To me sleep training is about investing in your family’s health, but it is also about doing what is best for your family. Of course I recommend sleep training as it is overall beneficial for all parties involved, that does not however mean everyone agrees.
If helping your little one to fall asleep at night is no longer working for you or them, then it is time for a change. The belief is that when babies learn to rely on a parent or a prop (e.g., rocking, nursing, soothers, co sleeping etc.) to help them go to sleep, they don’t learn how to fall asleep by themselves and will inevitably need those same behaviors or props to help them go back to sleep.
Waking 5-6 times a night can be physically and mentally exhausting, and can have a negative impact on one’s overall health. Research shows that babies that can fall asleep on their own at bedtime are the ones that are most likely able to fall back to sleep on their own in the middle of the night, which is likely to happen every 30-60 minutes. In fact, one study showed that the factor most related to babies not sleeping for six plus hour’s straight at night was due to high need from a prop or parents’ presence at the time a baby first falls asleep.
You may wonder well how can I help my baby learn to fall asleep on their own, or how do we eliminate props.... first is creating a sleep plan that your family is comfortable with one that focuses on positive sleep environments, routine, consistency and support. Sleep training also involves teaching parents ways to support their child while pulling away from parent-centered methods (e.g., rocking, nursing).
The most common argument to not sleep train a child is the so called negative impact it has on them, which in reality there is no real evidence to back this theory up. As some researchers have pointed out, the only evidence that crying can be detrimental to infant development comes from studies on long term abuse and neglect; none of these studies look at the effect of brief periods of crying in an otherwise loving family. When working with Sleep Tight consulting I do not focus on sustained crying for long periods of time. We do however need to look at the entire family in order to create an age appropriate-plan. This is how we ensure only brief and controlled periods of crying that usually do not last more than a few days. My goal is to encourage healthy and safe sleep habits, positive sleep associations, appropriate awake times, and family focused plans.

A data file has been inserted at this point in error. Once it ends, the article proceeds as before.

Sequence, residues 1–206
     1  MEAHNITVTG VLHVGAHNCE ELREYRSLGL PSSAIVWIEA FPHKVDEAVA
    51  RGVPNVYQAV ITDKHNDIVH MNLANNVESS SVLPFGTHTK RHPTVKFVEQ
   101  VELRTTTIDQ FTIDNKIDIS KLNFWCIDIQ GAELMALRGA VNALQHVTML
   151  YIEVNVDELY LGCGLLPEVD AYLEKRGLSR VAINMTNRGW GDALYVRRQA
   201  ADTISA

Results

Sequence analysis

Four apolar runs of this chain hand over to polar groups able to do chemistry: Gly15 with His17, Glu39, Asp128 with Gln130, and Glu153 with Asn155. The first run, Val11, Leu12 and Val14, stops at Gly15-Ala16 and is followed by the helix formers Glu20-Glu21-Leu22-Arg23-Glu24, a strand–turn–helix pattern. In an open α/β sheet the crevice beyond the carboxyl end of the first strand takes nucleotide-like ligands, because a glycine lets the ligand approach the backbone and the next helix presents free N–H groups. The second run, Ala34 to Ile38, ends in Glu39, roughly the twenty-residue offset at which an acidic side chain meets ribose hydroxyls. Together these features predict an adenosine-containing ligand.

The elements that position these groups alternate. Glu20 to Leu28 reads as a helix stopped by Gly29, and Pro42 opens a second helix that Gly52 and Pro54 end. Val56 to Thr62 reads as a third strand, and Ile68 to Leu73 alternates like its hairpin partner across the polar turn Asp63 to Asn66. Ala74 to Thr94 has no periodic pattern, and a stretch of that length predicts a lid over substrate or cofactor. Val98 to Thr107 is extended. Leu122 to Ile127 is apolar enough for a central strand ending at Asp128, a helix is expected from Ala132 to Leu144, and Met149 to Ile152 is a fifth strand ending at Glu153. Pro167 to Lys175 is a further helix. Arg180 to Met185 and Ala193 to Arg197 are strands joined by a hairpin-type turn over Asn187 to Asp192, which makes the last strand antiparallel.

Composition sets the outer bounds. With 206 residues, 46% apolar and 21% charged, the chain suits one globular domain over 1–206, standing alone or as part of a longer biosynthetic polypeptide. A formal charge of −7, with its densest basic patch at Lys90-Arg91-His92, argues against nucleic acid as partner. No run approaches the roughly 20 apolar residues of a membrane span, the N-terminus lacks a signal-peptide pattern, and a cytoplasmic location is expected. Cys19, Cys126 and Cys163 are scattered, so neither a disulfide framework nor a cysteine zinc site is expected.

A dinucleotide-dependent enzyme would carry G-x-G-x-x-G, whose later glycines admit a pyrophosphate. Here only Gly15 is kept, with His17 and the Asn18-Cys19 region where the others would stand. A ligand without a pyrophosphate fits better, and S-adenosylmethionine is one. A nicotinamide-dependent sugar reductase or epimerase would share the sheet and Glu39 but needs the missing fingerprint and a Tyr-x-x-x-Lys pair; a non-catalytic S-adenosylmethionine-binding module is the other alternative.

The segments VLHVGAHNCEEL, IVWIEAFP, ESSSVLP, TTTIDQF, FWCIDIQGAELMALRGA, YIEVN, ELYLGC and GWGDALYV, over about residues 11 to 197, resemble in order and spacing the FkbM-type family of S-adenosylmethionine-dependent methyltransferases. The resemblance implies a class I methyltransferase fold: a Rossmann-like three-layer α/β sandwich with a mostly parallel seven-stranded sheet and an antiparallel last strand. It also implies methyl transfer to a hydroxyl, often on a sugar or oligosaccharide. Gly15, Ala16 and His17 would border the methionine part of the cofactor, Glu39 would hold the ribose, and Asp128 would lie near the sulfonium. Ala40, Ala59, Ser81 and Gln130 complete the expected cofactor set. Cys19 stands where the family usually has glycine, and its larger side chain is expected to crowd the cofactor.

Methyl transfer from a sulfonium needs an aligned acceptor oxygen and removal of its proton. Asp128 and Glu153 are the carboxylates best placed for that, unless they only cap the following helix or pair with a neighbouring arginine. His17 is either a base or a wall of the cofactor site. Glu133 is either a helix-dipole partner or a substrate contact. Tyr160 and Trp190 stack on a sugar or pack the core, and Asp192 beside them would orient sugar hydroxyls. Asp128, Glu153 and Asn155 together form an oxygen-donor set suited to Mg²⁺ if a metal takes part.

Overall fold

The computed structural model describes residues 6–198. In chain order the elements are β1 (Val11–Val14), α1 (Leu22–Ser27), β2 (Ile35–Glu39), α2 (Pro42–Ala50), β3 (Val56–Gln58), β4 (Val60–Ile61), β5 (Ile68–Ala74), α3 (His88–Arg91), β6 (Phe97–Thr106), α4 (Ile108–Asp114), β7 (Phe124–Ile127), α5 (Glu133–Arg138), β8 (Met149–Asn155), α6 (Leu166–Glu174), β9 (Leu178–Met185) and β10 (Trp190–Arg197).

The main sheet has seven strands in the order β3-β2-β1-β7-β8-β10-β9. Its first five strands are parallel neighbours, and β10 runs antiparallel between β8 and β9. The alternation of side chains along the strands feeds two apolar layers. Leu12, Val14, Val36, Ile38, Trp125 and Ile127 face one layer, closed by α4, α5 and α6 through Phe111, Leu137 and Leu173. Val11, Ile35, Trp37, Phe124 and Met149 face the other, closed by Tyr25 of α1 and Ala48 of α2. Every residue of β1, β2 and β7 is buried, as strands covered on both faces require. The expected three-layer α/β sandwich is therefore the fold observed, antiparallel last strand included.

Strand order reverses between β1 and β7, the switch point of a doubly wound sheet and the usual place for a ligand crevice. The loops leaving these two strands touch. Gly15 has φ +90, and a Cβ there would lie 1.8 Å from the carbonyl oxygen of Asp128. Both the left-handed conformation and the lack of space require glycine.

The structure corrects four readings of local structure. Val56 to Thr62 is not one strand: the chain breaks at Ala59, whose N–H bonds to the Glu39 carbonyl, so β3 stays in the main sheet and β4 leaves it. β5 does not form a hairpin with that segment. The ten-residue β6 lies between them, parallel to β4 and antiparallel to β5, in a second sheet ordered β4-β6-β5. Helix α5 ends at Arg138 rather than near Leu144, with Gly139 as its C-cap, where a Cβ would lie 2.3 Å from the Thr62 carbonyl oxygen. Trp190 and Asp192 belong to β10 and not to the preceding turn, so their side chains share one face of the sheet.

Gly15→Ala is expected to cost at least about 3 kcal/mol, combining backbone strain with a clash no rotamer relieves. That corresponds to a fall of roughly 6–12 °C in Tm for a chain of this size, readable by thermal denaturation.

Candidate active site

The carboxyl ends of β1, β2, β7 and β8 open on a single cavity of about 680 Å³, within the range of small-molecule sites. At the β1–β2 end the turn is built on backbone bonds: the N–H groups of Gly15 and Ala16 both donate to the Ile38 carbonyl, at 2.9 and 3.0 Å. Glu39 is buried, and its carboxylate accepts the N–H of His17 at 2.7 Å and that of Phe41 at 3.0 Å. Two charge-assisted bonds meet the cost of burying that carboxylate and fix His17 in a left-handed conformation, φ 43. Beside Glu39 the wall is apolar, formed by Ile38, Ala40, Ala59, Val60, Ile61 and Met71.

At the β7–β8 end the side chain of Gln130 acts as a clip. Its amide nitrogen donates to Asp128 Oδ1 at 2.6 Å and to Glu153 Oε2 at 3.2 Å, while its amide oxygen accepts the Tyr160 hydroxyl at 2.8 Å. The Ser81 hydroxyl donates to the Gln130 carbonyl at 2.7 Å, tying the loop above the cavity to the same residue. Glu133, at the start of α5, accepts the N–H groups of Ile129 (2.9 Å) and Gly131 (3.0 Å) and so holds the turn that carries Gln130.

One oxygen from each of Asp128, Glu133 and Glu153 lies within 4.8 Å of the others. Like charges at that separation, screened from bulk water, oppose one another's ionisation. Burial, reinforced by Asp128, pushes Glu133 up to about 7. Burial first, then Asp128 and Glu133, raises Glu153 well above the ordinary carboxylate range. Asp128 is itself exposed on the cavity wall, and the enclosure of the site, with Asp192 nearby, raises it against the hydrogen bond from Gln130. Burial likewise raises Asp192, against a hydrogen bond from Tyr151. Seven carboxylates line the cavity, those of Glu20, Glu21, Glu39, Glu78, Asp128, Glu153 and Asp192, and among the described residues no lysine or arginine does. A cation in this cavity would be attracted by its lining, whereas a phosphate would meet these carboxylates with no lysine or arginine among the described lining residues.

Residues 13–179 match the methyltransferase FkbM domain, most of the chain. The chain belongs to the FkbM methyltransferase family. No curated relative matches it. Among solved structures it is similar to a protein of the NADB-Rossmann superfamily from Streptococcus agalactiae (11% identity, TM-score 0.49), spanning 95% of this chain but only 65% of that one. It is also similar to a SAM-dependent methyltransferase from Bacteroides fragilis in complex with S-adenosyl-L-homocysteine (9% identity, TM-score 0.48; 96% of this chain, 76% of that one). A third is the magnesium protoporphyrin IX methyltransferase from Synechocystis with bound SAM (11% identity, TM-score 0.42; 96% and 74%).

One recent study looked at children who had been sleep trained as babies five years later to see if there was anything different about these now 6-year-olds when compared to 6-year-olds that weren’t sleep trained as infants. The study found that there were absolutely no differences between these kids: Sleep trained kids were no more likely to have emotional problems, sleep problems, or attachment issues than kids that weren’t sleep trained as babies. In fact, there was nothing negative about sleep training in the long-term. This study suggests that there aren’t any negative long-term impacts of sleep training.
Despite there being no evidence of negative consequences of sleep training, there’s a lot of evidence that there are serious long-term negative consequences of sleep deprivation, including depression, inattentiveness, and marital problems. Even if you’re getting a full seven to eight hours of sleep total, research shows that waking up several times in the middle of the night (e.g., for nursing, soothing, etc.) can lead to depression-like symptoms and problems with attention as well. In fact, moderate sleep deprivation has effects that look similar to being drunk, and just like alcohol, puts you at risk for getting into a car accident.
Sleep deprivation affects babies too, and in similar ways, making them cranky and possibly inhibiting their attention and learning. Therefore the idea that parents who use these methods are selfish or careless couldn’t be further from the truth. The idea that parents who choose not to sleep train are selfish is just as ridiculous. Listening to both sides of the argument can make you feel like you can’t win; like you’re a bad parent either way.
Everyone seems to have an opinion these days, what’s important to remember is that in the end, the only opinion that really matters is yours. Every baby is different, and every family is different; you should do what works best for your family’s needs.
Its okay to ask for help, and it is okay to not need help! We are all different for a reason, but if you need help I will be here and I will guide your family every step of the way!
This blow was originally posted here.
https://drcraigcanapari.com/at-long-last-sleep-training-tools-for-the-exhausted-parent/ https://www.sleepfoundation.org/articles/sleep-training-your-child-5-things-remember Vanessa LoBue, Ph.D., is an assistant professor of psychology at Rutgers University. https://www.psychologytoday.com/ca/blog/the-baby-scientist/201702/finding-some-middle-ground-in-the-war-sleep-training